Employers face a sustained increase in workplace unrest as staff work longer and harder without greater reward.
This is according to the State of Human Resources survey by Kings College London and law firm Speechly Bircham, which found that half of organisations surveyed have increased staff working hours, while pay rises and bonuses continue to be withheld.
The survey of 550 senior HR professionals highlighted the correlation between staff working longer hours and increased absence, stress and employee grievances.
One-third of organisations saw a rise in employee grievances this year and a quarter expect an increase in 2011. Poor relationships between staff and managers and bullying/harassment were identified as the main causes.
Richard Martin, partner and head of employment at Speechly Bircham, warned that unrest in the workplace could cause further problems for employers. “The combination of increased workplace conflict, longer hours and rising stress levels is a potent cocktail which could lead to a significant rise in tribunals and industrial action if not properly addressed,” he said.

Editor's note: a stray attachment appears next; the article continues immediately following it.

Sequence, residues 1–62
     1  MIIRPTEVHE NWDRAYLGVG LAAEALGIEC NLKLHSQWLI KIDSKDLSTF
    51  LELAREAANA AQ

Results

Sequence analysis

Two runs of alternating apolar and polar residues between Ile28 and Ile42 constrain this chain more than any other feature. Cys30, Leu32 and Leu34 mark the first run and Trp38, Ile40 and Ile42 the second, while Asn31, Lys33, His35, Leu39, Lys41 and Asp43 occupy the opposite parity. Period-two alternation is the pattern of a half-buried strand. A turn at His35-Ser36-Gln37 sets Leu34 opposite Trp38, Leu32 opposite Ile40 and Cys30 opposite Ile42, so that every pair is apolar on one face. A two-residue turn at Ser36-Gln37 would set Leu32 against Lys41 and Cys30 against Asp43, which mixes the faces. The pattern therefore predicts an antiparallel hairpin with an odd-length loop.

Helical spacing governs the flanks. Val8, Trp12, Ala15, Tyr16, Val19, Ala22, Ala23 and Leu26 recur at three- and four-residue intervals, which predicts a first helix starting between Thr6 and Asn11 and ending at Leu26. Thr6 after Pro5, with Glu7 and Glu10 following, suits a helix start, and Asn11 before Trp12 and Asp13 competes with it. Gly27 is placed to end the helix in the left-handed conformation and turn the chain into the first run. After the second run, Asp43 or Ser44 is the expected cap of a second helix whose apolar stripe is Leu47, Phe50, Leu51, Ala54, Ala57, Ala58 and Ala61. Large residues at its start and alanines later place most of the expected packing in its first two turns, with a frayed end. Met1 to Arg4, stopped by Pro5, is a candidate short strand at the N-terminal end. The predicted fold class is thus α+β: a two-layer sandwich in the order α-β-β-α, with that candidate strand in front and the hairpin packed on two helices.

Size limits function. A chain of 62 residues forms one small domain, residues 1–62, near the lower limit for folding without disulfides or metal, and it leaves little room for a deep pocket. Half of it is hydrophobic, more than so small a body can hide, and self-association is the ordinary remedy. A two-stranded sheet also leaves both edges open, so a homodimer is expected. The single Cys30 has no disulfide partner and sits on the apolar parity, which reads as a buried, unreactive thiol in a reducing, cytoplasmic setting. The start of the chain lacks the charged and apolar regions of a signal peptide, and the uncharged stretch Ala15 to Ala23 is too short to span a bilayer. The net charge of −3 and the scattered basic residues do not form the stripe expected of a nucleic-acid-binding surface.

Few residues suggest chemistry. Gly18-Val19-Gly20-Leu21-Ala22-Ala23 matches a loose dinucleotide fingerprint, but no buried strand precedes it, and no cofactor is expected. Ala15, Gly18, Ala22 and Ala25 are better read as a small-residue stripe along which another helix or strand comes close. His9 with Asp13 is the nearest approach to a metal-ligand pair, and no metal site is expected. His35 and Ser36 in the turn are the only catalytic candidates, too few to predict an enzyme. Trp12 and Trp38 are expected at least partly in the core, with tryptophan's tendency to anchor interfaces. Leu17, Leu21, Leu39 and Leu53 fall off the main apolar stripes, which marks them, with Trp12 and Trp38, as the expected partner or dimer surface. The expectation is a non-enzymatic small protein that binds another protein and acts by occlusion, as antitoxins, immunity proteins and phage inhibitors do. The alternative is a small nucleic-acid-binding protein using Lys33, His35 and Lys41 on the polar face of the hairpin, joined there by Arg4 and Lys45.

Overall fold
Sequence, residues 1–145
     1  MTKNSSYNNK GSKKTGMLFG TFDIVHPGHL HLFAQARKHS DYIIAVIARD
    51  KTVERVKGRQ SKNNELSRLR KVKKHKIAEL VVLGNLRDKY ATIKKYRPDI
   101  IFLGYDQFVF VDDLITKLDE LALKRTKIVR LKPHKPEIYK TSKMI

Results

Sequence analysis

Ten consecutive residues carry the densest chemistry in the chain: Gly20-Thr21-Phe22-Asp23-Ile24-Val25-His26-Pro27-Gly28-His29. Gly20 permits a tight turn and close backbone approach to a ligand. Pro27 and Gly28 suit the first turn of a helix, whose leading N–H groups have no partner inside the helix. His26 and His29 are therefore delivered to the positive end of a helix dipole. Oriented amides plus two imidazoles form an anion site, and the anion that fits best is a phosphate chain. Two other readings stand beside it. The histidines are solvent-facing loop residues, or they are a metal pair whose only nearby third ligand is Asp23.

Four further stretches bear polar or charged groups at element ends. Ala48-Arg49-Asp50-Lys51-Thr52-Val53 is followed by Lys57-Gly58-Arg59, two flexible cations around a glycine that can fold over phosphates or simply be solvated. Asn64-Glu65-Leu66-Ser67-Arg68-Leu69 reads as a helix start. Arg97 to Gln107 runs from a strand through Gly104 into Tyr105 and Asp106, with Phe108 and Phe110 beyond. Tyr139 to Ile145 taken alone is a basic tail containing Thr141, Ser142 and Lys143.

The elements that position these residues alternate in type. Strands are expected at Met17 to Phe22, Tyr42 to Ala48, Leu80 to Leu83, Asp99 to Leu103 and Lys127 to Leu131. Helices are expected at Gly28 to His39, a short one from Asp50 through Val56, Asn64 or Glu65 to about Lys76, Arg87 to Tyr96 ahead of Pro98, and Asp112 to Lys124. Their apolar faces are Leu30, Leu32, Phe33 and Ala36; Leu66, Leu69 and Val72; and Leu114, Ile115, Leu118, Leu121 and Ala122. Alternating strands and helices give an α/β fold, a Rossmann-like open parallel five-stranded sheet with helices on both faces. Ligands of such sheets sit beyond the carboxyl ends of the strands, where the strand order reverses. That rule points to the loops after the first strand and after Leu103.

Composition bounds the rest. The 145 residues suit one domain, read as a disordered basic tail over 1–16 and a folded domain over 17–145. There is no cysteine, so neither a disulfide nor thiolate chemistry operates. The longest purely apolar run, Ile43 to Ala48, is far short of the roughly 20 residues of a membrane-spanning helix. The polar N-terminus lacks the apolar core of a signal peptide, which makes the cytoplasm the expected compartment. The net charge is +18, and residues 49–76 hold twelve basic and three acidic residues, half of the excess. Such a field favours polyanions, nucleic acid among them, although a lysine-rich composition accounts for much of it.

With 70% of employers making compulsory redundancies in 2010, it is perhaps no surprise that HR identified employee engagement as the key HR issue for 2011.
Stuart Woollard, managing director of Kings College London’s HRM learning board and co-author of the survey, said that the results question the sustainability of current HR strategies: “Organisations must carefully consider the likelihood of erosion in employee productivity, work quality and performance as a consequence of lean workforces and additional working hours. With an apparent leadership/management disconnect with staff, firms may also not realise the nature and extent of the problems ahead.”